The very successful California master plan for higher education consisted of a hierarchy of community colleges (n = 116), state universities (n = 23), and universities (n = 10)3 This system manifested as a master plan in 1960 (Douglass, 2000). The MetaUniversity could easily mesh with this type of hierarchy by matching its curriculum delivery roughly along the same lines—that is with the full range of community colleges and Universities.

The online courses available through the MetaUniversity can be available at three distinct levels (Kubiszewski et al., 2013).

1. Independent Learning (Level I): This is for anyone that would like to obtain the knowledge within the course and does not require University credits or a certificate of completion. This method allows individuals to complete the course asynchronously and for free. However, this option does not provide any faculty interaction or tutorial support but does allow for interaction with others taking the course by this means.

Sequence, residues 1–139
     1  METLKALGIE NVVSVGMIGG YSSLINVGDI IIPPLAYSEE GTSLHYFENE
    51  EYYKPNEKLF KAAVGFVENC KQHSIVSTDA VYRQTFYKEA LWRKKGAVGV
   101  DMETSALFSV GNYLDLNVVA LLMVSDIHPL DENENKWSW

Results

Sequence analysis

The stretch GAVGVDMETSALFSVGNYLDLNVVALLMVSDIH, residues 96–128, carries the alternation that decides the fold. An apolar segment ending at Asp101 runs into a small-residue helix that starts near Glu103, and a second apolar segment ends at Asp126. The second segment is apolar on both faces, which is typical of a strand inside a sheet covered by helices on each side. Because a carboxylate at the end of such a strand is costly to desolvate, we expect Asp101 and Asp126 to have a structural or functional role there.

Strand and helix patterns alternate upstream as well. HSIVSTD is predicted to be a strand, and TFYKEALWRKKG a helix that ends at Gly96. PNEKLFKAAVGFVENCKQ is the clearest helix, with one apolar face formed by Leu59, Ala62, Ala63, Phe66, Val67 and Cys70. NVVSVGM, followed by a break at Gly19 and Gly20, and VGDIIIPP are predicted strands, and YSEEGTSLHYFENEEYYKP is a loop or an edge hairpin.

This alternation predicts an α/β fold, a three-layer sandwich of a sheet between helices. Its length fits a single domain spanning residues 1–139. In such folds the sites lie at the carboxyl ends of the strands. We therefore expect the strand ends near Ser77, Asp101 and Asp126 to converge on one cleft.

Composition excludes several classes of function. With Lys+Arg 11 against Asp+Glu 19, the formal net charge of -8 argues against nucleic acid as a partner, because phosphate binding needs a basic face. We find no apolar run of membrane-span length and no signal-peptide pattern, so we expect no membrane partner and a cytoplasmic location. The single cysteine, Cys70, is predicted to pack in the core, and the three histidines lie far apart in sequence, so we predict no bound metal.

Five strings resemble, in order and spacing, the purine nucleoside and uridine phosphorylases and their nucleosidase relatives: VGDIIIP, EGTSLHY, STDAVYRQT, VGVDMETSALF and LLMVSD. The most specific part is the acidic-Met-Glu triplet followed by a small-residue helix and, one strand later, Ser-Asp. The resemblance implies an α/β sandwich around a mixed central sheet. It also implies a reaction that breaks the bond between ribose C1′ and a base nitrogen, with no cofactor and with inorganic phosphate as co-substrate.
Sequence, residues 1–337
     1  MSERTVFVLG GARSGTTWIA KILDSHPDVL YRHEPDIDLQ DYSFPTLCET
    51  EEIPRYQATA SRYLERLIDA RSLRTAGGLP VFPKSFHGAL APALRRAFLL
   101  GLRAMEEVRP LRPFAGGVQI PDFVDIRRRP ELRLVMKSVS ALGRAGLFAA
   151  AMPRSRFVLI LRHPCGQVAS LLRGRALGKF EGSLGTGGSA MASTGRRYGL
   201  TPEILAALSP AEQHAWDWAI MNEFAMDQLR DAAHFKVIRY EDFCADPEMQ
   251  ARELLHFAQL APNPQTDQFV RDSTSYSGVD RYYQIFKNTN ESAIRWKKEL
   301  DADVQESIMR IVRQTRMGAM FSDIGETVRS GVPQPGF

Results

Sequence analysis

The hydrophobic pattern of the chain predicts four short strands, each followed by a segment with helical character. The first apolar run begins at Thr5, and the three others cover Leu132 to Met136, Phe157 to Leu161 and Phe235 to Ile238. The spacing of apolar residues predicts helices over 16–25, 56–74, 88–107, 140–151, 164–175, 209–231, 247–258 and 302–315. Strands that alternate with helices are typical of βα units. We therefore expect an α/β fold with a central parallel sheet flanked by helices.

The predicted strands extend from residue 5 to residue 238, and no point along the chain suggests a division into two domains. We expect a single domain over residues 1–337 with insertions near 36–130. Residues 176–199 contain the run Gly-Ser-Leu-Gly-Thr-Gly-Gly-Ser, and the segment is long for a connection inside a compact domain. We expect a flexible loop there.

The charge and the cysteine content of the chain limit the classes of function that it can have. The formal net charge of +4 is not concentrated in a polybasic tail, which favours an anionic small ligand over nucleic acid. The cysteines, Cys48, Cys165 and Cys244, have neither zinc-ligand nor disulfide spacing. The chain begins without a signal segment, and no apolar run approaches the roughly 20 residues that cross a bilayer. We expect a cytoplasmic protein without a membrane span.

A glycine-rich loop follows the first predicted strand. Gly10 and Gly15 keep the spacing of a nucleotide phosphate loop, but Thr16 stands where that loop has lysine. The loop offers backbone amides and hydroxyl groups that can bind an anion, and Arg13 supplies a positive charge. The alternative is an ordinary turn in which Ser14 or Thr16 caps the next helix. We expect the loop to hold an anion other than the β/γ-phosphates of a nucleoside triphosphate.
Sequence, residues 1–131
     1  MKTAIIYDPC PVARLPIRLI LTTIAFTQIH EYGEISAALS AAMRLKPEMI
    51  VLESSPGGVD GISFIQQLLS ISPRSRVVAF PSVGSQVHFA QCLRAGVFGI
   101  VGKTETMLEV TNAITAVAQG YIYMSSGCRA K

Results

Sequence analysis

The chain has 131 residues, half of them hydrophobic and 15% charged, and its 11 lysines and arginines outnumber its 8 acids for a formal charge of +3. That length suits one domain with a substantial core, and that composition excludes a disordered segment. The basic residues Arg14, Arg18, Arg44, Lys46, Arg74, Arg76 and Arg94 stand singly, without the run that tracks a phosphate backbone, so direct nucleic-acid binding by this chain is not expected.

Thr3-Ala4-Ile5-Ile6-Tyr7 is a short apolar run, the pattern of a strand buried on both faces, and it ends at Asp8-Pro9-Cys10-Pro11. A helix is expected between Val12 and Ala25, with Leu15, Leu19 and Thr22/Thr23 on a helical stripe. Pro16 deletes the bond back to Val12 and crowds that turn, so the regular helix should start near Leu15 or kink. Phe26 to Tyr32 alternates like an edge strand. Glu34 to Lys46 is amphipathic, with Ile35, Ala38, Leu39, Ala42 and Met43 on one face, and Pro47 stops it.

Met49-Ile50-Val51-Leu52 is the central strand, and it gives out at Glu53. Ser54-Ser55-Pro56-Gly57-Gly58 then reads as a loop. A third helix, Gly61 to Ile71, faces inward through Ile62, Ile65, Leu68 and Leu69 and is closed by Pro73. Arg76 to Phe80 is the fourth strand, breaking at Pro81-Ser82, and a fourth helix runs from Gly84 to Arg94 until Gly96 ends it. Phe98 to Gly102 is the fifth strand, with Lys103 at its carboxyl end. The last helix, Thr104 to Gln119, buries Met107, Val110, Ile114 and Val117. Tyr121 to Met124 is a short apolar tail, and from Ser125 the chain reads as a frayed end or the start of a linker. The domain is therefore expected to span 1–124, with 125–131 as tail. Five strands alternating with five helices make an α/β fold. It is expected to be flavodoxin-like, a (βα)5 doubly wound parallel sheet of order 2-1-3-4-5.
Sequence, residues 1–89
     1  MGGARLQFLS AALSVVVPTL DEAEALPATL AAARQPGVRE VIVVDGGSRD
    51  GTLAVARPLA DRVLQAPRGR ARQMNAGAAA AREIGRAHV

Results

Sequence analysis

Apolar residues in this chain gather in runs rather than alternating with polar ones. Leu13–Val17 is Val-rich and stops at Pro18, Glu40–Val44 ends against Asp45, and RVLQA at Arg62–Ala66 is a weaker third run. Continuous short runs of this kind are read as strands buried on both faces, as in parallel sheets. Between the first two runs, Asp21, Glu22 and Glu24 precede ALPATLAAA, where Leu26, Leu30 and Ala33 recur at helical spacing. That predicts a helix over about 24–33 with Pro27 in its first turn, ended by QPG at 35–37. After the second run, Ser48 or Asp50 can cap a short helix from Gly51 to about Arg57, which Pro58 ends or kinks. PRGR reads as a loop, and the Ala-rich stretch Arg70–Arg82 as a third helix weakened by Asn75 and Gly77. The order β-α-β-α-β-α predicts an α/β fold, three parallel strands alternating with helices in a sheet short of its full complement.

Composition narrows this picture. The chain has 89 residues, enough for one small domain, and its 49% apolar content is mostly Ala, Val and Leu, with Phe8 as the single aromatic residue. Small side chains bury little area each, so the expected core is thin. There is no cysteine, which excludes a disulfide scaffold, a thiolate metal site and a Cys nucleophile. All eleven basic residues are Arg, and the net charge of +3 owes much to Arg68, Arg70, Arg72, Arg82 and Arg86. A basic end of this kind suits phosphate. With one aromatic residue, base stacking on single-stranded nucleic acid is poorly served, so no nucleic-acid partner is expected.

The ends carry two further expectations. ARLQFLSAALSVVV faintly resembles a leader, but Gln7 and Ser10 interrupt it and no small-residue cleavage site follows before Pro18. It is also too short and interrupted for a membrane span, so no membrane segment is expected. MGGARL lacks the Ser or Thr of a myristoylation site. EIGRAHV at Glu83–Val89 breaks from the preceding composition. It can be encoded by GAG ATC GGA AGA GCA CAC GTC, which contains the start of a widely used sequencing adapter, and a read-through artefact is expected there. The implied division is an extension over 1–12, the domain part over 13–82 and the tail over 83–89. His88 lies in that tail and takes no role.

2. Non-Credit (Level II): This is for professionals or anyone in the public that would like to receive a certificate of completion but do not require University credits. The certificate will be awarded by the consortium of members as a whole. This option provides some faculty interaction and can be taken asynchronously or on a semester schedule. This option could have a small or nominal course fee, as determined by the MetaUniversity.